Even when I have a success it's a mitigated success.

I am obsessed that i'm not THE best

it devistates me

i'm unable to just be happy

But that honesty the depressed me.

I think you may be depressed. If you are, you might not be in a position to think clearly about yourself and what's going on in your life.

So before you start working on dealing with being mediocre, perhaps you should think about addressing being unhappy.
posted by clockzero at 8:30 AM on June 14, 2009 [2 favorites]


My epiphany came when my best friend looked at me and asked "So at what point did you realize you were never going to be a great actor, but that you make a pretty good key grip?"

I strive to be the best key grip I can, and by concentrating my effort at being good at what I do. I am, most of the time, pretty satisfied with that. This is a lot easier than trying to figure out what I think people want from me, because mostly I get it wrong when I try.

You are rating your "performance" in life against the performance of others. There is no way you can expect to do this - because each "performance" is different and comes from a different base. Your life is not your neighbors life, how can you rate yourself against it?

In other words, you are an apple and they are an orange, Grasshopper. An apple cannot be a good orange. So concentrate on your, er, apple-ness.
posted by disclaimer at 8:31 AM on June 14, 2009 [4 favorites]


3 thoughts:

1. You're not happy because you something is lacking, which if you had, would make you happy. By that metric, you'd never be happy, especially as you're constantly putting yourself in competition against others. There is almost always going to be someone better. So what, learn to do what you do best.

2. This is a temporary state, all the failures are leading up to a success.

3. You're having a pity party because the world isn't your feet. Boo fucking hoo, you're realized your limitations. That's sounds like the first step to doing something self satisfying as opposed to what other people think is or should be your success.
posted by Brandon Blatcher at 8:41 AM on June 14, 2009 [1 favorite]


Part of what I've come to realize (and not because I'm the best in my field, but I've observed people who are) is that being at the top isn't always the soul-satisfying thing that we think it will be. That's because what makes us content with life isn't about arriving to some place or ability, but it's about maximizing goodness and having vital relationships. I generally look at my daughter these days, and I think that instead of being the best in my field, my responsibility is to provide a pocket of reality for her that allows her to thrive in life. Perhaps this is the kind of thing we were made for.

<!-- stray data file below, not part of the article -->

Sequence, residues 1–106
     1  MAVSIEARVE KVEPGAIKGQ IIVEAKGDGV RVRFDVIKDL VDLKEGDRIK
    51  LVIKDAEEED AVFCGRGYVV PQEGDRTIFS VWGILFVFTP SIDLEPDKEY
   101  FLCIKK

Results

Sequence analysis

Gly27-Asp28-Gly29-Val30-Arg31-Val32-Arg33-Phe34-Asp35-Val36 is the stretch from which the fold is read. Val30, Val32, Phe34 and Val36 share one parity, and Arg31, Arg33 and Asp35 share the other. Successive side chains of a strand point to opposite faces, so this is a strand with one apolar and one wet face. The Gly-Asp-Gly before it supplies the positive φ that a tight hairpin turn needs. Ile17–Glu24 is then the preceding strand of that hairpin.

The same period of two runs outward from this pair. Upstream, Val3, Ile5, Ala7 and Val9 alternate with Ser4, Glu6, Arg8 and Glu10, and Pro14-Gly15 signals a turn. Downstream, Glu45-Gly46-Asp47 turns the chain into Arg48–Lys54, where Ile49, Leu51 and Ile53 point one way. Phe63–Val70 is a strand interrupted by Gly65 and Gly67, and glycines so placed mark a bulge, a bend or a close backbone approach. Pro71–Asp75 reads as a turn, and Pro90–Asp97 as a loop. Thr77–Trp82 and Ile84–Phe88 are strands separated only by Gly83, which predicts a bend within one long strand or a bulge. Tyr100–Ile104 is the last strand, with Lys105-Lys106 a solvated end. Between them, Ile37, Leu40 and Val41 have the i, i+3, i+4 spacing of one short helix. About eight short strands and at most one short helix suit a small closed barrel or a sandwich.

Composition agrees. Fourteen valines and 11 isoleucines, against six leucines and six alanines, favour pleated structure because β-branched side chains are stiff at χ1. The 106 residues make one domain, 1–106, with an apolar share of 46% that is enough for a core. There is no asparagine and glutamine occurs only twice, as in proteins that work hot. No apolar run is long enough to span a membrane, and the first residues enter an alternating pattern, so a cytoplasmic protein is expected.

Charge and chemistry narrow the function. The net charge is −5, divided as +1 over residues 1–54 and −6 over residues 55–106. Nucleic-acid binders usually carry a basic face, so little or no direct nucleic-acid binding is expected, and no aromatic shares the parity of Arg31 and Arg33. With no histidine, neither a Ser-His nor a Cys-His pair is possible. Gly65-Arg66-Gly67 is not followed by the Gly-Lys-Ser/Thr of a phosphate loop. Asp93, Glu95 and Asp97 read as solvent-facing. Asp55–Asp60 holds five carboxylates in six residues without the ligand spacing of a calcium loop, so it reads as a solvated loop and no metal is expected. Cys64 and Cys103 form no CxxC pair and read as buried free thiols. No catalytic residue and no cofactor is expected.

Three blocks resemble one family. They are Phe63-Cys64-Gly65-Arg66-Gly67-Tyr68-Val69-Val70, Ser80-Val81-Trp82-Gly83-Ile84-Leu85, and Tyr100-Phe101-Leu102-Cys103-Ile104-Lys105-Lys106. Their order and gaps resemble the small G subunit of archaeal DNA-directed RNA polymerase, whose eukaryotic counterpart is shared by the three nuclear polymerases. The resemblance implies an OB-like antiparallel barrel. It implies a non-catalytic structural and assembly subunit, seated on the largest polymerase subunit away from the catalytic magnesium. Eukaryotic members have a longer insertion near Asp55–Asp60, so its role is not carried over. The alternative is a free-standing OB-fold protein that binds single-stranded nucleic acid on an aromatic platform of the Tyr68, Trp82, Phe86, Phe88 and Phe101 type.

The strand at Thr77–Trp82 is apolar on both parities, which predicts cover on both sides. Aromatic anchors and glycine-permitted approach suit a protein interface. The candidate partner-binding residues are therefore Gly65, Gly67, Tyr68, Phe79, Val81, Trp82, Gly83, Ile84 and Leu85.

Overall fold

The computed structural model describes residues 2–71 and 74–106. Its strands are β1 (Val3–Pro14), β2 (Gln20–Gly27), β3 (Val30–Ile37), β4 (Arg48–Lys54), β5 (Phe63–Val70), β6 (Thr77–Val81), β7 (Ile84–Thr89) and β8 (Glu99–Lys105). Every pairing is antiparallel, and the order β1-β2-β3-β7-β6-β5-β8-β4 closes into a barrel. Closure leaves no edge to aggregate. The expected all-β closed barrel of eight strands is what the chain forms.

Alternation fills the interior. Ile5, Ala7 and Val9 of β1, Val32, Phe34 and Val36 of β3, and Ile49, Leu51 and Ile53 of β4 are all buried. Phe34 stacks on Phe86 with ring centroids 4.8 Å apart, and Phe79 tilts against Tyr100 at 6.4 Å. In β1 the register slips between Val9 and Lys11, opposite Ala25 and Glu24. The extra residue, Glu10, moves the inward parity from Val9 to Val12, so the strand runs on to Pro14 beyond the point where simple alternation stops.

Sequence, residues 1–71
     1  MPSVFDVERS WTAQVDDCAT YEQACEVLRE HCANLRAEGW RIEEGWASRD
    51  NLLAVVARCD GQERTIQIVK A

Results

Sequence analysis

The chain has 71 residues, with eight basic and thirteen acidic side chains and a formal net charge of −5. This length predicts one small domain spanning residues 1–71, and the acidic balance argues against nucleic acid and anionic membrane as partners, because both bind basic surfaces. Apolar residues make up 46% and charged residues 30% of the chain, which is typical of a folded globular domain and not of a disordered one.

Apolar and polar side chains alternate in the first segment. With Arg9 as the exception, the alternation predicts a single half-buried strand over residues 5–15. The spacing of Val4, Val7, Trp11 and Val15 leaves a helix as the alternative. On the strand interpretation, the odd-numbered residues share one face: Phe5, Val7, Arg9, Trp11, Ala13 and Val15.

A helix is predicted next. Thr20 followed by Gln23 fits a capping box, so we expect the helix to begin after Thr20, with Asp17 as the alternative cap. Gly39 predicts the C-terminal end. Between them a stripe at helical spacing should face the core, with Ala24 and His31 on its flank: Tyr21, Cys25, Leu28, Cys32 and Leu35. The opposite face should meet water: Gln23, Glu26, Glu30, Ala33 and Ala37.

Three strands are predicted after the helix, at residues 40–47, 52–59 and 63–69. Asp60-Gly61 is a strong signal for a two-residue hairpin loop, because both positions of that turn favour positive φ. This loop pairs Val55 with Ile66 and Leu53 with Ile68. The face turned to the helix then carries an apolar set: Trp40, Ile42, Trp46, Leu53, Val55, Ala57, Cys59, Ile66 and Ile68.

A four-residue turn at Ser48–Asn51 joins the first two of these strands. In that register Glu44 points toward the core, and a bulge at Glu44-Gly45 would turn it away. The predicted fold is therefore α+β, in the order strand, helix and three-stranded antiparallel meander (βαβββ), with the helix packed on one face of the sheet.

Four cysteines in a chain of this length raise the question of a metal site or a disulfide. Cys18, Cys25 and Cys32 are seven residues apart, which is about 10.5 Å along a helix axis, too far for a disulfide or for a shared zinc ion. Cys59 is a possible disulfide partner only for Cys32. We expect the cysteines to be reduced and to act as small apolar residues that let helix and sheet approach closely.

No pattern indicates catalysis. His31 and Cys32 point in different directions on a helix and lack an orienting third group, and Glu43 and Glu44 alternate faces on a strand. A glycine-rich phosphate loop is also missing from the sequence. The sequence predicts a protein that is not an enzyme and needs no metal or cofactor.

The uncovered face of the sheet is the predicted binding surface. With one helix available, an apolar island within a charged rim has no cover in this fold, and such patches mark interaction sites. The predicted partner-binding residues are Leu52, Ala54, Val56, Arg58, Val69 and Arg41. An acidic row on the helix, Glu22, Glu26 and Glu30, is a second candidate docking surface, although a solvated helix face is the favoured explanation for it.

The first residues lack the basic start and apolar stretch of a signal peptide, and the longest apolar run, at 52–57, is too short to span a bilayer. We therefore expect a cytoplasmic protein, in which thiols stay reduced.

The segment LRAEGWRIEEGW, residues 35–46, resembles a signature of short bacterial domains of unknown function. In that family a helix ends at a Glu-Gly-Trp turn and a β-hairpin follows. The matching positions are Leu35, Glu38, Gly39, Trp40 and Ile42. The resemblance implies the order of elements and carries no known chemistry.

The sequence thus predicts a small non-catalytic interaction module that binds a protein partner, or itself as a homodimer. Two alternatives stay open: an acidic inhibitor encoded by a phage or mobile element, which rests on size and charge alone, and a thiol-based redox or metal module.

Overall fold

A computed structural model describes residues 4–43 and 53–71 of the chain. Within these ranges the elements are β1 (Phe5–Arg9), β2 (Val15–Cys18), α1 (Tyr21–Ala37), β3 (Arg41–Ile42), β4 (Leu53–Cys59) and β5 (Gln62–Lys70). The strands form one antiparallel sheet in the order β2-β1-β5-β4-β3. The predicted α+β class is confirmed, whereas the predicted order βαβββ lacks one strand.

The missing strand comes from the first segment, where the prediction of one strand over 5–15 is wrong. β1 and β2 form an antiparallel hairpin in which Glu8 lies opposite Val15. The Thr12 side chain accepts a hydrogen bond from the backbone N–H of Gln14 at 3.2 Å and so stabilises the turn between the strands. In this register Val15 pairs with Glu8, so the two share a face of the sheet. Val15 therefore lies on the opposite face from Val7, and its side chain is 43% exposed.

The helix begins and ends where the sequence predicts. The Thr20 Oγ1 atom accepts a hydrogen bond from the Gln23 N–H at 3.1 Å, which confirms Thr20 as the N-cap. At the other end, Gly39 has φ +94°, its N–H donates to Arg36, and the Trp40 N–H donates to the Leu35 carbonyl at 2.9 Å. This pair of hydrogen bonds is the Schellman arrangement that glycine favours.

I think that our disappointment at times is that we have unreasonable expectations for what being "the best" will provide for us, and we've carried these expectations for awhile. Being in academics, this was a primary focus for me for awhile, and I find it hard to give up sometimes, as I (unfortunately) learned to define my worth in these terms. When I find that I have a hard time letting this go, I find that simply the idea of being able to let this go is very much a relief to me, and I continue to strive for it. I suspect that some day, when we give an accounting for it all, we'll be asked whether or not we made a difference to those who were close to us, not whether or not we maximized a particular skill set.
posted by SpacemanStix at 8:50 AM on June 14, 2009 [2 favorites]


maybe worrying about being "the best" by some terms that you've left unquestioned is actually what's getting in your way, and if you reexamine that and stop using those terms, you'll be moving on to creative/professional development before you know it. there might be a distinction between being able to grow and change, creatively, versus being able to get ahead of others on their terms.
posted by citron at 8:52 AM on June 14, 2009 [2 favorites]


Nobody ever lay on their deathbed wishing they'd spent more time at the office.
posted by K.P. at 8:55 AM on June 14, 2009 [10 favorites]


Two things to consider.

Is the thing that you're trying to do something that you just dig doing for its own sake? If it is, focus on that, and make that the measure of success. Compete only with your own self. That way, it isn't about whether the rest of the world likes the way you write/paint/sing/juggle/file paperwork/whatever, it's about whether you like the way you do it. whatever everyone else thinks is just gravy.